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JackH
12/14/2019 4:07 AM
I read somewhere that higher elevations have faster roast time and require somewhat lower temperatures. air is thin and has less Oxygen

allenb
12/14/2019 12:44 AM
Yes, 1st off, you must use only Panama Esmeralda Geisha beans and be sure to only roast on Saturdays. Actually, this isn't completely true. Please post in all about roasters forum. Thx!

wjohndon4566
12/13/2019 10:36 AM
I’m at 9,000 feet elevation, is there any special adjustments that need to be made to roast using an SR 540 at this elevation?

snwcmpr
12/07/2019 9:29 AM
roar

snwcmpr
11/27/2019 11:44 AM
greenman

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5 Lb Roaster Perf Plate Design Help!
allenb
I agree with Renatoa that you're exceeding the limit with this roaster. There is a practical bean bed height limit for any fluidbed in relation to the number of square inches in cross section. When the limit is exceeded, you go from a relatively continuous stream to an erratic pulsation due to collapsing pockets of air. I imagine that there is less tendency for the denser green coffee with less column height to do this as much.

I've heard some claim that going up to 550 F caused no noticeable degradation in cup quality in fluidbed roasting but would not recommend going over that. It is true that the lowest possible environment temperature should be sought that will still get your coffee through the profile on time.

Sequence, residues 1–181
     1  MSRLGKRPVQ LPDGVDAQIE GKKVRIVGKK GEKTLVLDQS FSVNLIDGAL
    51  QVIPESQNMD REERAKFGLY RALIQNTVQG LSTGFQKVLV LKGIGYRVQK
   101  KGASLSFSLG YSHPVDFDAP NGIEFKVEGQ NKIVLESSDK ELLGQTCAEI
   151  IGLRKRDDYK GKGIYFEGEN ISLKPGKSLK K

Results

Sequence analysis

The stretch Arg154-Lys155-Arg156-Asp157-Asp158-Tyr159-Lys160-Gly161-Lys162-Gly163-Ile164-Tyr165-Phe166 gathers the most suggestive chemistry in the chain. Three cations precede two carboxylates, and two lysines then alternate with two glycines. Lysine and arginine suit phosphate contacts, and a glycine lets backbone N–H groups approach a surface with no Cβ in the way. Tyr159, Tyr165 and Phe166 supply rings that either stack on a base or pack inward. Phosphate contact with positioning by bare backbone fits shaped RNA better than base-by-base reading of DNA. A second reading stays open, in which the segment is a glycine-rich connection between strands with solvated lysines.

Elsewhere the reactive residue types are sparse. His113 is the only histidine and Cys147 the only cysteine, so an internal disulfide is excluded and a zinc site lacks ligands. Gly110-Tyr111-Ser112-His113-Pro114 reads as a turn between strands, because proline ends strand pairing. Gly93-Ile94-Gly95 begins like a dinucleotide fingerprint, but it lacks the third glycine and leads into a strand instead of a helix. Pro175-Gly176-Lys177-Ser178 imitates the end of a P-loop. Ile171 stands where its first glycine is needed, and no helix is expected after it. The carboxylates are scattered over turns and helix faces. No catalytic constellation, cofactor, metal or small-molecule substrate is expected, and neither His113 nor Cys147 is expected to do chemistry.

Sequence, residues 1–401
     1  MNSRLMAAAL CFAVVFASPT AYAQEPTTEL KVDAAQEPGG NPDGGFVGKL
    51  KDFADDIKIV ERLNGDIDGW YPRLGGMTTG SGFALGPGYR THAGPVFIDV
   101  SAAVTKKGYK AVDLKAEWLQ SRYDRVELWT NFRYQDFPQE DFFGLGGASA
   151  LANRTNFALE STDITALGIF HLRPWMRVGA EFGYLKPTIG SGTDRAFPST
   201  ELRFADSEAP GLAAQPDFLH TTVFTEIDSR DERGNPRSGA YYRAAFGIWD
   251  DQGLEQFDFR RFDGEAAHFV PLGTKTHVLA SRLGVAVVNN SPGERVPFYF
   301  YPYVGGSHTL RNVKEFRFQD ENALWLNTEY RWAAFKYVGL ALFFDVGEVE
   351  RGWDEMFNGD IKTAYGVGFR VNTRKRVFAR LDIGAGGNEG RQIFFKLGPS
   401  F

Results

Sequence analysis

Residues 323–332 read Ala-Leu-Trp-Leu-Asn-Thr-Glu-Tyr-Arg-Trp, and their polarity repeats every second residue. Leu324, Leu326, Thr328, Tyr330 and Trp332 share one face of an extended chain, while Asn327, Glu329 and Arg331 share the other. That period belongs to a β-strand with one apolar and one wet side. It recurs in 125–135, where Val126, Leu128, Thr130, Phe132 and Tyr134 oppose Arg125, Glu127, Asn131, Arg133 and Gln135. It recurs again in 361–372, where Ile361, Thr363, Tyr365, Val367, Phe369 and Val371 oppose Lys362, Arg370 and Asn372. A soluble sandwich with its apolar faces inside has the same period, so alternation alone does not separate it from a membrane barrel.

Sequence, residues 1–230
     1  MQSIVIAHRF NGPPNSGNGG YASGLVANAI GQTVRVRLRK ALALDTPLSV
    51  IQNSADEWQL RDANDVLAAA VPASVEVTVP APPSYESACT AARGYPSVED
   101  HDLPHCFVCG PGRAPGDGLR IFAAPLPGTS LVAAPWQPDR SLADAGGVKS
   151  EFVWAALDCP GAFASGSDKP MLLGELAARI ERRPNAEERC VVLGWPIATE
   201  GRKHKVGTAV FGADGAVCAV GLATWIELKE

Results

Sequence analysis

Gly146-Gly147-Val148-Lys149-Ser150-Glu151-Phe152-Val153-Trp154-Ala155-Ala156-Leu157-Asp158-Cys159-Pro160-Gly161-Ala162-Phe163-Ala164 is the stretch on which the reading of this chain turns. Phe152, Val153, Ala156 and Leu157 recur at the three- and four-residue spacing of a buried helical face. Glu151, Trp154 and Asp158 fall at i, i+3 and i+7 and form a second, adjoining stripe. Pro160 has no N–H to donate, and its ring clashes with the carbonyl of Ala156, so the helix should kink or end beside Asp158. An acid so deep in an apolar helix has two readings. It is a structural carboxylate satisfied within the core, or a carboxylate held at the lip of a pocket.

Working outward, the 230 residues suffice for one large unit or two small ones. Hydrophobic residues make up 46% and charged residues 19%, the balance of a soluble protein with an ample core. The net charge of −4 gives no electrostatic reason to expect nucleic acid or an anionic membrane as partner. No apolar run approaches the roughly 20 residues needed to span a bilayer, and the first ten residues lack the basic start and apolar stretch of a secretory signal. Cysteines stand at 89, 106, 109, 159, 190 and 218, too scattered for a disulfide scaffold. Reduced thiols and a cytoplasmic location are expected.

1/2 lb and 1 lb drum, Siemens Sirocco fluidbed, presspot, chemex, cajun biggin brewer from the backwoods of Louisiana
 
pisanoal
allenb wrote:

I agree with Renatoa that you're exceeding the limit with this roaster. There is a practical bean bed height limit for any fluidbed in relation to the number of square inches in cross section. When the limit is exceeded, you go from a relatively continuous stream to an erratic pulsation due to collapsing pockets of air. I imagine that there is less tendency for the denser green coffee with less column height to do this as much.

I've heard some claim that going up to 550 F caused no noticeable degradation in cup quality in fluidbed roasting but would not recommend going over that. It is true that the lowest possible environment temperature should be sought that will still get your coffee through the profile on time.


I was initially confused on why you thought it was overloaded. But i rewatched my video and now i understand... So this..."When the limit is exceeded, you go from a relatively continuous stream to an erratic pulsation due to collapsing pockets of air" is only happening in the video because I turned the air down. If i had kept it turned up it would be a continuous stream. I was trying to keep a temp profile and failing miserably.

I should be within the general design parameters for the weights I am roasting. In fact in RoasterRob's sticky, he uses a 6" RC for 2.3 kg, granted its cylindrical, but that also means it has less cross-sectional area.